Pools on downward slope, pics and considerations


Active member
Jul 17, 2018
Little Rock, AR
Hello TFP.
Planning (hoping) to put in a pool starting 1.5-2 years from now. I'm a planner:D
We live in central Arkansas on a small mountain, practically solid rock, backyard off existing concrete patio slopes downward. So some sort of retaining system, wall system will be required. I would like it to be freeform, to have some natural rock, small rock waterfall grotto, sun ledge. I haven't decided on depth, but probably 6'6" to 7". I would love close to 40'x20', but dolla bills yo.

I would love to see pics of TFP member's in ground (i guess semi-in ground) pools on a slope. Also any advice on building (gunite vs other), cost considerations, and maintenance issues (colder water in winter etc).

There aren't a ton of images on google. I did come across this one. I don't believe our slope isn't this steep.


Mod Squad
TFP Expert
LifeTime Supporter
Jul 7, 2014
Bedford, TX

Before you do to much planning, I'd get some basic ideas on cost first.. My guesstimate is that the pool in your pic costs between $150 and $200K... Maybe more for the parts we can't see...


Jim R.


TFP Expert
Mar 2, 2011
You should consider doing an infinity edge since you have the slope.

You're going to need a good geotechnical engineer to come up with an engineering plan to make sure that everything is done correctly.

What type of budget are you thinking?


Mod Squad
Gold Supporter
Platinum Supporter
LifeTime Supporter
Jul 16, 2012
Central MD
We have a decent slope. I think it was like 6’ rise over 30’ run. You can see the link to our build on my signature with lots of pics.

Note that our poured retaining wall actually goes around the entire structure where the deck meets the grass/landscaping, to support the deck on the lower side. It was a great solution for us.

Round numbers ours was $100K including $15K cover. Infinity edge is probably a ~$25K adder for a large pool.

Great timeframe to do your research.


Platinum Supporter
Sep 8, 2013
You can also search "new build in south Texas" for our build. Lots of pictures. If you have any questions after looking at the build, let me know
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Active member
Jul 17, 2018
Little Rock, AR
Err, my budget is no where near 150-200k :oops:. Not many in Arkansas would pay that kind of money for a pool.
Although a infinity edge would be pretty with my view etc., I don't want to spend the extra $$, have to fight the pH, and have the kids fall over it:p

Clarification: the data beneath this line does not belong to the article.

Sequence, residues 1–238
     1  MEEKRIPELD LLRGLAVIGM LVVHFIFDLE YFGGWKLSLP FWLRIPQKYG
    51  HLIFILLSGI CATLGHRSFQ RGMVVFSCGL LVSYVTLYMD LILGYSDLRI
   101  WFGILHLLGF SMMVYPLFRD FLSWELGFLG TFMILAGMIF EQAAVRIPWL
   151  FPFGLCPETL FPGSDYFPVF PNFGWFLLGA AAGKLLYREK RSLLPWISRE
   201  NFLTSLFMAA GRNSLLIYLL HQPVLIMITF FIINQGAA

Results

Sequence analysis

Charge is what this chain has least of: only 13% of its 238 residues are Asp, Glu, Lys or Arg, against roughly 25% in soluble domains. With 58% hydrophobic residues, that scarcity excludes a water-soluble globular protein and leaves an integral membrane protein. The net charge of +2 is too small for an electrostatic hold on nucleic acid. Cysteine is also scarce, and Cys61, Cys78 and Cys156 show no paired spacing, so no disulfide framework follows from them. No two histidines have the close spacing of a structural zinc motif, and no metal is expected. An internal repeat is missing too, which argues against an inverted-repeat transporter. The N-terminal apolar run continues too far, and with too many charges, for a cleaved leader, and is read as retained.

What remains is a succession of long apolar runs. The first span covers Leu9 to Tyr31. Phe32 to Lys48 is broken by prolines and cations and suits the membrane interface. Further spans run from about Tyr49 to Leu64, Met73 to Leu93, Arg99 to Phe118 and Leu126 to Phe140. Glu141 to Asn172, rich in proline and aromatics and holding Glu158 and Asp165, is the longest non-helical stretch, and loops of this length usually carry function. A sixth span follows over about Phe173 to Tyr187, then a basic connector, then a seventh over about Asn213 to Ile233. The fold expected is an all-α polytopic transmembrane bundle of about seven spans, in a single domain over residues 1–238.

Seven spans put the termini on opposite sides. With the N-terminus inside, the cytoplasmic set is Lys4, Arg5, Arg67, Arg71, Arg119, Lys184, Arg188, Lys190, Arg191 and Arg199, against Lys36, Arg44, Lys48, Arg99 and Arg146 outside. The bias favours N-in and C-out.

TFP Expert
Bronze Supporter
In The Industry
Aug 10, 2017
Morris Cnty NJ
your gonna wanna go with a concrete pool if you want to avoid doing a steel wall vinyl and building a retaining wall. you will have more flexibility with a concrete pool as far as freeforming it and the rear wall can be structural and just made to look good with a veneer. depends on how bad the slope is and what your budget is.


Bronze Supporter
May 6, 2016
Atlanta, GA
I was in your shoes 2 years ago, looking for pics of backyard pools installed on a slope. You're right, there aren't many photos out there! We went with a vinyl pool with 2 retaining walls and it ended up awesome-- though nothing at all like the pic you have shared!

Our yard slopes from the front left corner to the back right. From the front yard, we step down 3 steps into the pool decking. Left side has a wall that is at most 2 ft high. On the other side of the pool, there is a retaining wall before our grass space. That retaining wall is up to 6ft high. From the grassy area, we have a half dozen steps up to the patio under our deck, which is level with the pool deck.

It is a vinyl pool, 18x36 .... actual measurements are a bit bigger. Perfect size for us with 3 young kids! All in, including the pool, decking, fence and retaining walls & pool furniture-- was just under $50k. Suburb of Atlanta.



Oct 13, 2017
Baltimore, MD
My build has about 6' fall over 40 feet. We will be bringing in some fill for the sides and have an over hanging deck on the back side. Infinity edge was also suggested for our build, but I opted to have the autocover (and no fences or gates) instead.